• The SDO finalizes and publishes the standard.

While AEM does not develop standards, it works closely with the American Society of Agricultural and Biological Engineers (ASABE), SAE International (SAE), the International Organization for Standardization (ISO) and other SDOs to make sure its members, and the equipment manufacturing industry overall, have their voice heard in the process.

“And the main advantage to being involved in the process is to be informed of the upcoming changes that might impact your business, to be able to influence those changes, and – especially if you feel something is lacking – to identify and lead new work, if it’s required,” said Tsunemori.

How to Get Involved in Standards Development

Tsunemori also noted that it’s not all that difficult to for organizations to make an impact in the standards development process, and he offered the following advice for equipment manufacturers that want to participate:

  • Start by getting involved with trade associations capable of assisting with finding the right standards developer for a particular industry.
  • Reach out to an SDO and find out how to participate.
  • Work with the SDO to provide input and feedback on standards being revised or developed.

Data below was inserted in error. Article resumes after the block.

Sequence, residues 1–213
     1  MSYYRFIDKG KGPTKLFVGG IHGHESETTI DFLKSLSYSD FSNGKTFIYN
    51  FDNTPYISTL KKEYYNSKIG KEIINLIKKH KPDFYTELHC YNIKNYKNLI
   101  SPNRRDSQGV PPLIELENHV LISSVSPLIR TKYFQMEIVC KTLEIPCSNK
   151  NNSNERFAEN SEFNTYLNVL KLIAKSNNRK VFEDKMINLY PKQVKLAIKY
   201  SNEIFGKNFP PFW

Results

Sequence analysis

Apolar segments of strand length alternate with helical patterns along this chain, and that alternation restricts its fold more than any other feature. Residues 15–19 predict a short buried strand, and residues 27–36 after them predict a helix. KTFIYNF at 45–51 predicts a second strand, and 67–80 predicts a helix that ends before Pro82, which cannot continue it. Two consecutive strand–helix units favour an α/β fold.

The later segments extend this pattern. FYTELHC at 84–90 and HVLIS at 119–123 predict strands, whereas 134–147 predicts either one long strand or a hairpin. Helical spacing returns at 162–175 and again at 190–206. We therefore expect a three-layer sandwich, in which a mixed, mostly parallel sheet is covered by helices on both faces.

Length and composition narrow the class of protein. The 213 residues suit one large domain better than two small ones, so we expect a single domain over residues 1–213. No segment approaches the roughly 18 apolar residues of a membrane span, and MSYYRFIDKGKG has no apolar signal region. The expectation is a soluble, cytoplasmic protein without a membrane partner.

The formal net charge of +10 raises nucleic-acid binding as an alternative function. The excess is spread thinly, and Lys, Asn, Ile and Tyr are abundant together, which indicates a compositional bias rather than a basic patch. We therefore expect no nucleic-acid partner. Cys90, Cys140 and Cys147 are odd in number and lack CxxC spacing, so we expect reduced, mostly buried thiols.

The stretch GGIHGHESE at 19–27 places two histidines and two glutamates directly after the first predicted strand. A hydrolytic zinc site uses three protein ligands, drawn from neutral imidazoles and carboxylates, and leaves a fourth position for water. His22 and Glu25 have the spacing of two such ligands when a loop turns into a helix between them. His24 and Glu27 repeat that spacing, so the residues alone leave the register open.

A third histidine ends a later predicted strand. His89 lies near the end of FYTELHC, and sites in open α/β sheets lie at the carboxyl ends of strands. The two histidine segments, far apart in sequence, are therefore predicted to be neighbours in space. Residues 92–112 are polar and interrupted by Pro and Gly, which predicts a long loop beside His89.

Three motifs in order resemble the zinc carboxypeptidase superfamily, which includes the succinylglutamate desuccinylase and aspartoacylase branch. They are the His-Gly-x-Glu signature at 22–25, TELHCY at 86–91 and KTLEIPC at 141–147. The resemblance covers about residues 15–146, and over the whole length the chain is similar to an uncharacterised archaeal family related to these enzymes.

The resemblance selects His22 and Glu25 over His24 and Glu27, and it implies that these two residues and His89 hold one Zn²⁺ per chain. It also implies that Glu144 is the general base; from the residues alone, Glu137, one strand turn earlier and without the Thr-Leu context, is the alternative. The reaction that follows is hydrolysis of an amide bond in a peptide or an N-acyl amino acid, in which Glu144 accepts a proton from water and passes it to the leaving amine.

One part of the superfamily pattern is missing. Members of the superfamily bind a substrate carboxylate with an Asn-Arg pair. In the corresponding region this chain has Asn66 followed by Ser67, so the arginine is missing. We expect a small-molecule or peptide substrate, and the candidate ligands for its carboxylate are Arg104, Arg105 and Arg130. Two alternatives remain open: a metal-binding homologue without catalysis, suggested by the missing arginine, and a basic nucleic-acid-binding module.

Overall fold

“Don’t wait until a regulatory violation or lawsuit forces you to become involved, and be sure to leverage the collective knowledge of your peers in the industry,” continued. “To me, that’s the huge advantage of AEM and other trade association technical groups. There’s a lot of people that have been down the road, they’re familiar with it, and they have some history. Because, ultimately, it’s for the betterment of the industry that we’re all working together.”

AEM Safety & Product Leadership

AEM’s Safety & Product Leadership Department works to address ever-increasing global demands on equipment manufacturers to develop machines that are safe, productive and compliant. To learn more about the association’s efforts as they relate to standards and regulations, visit or contact your Account Success Advisor.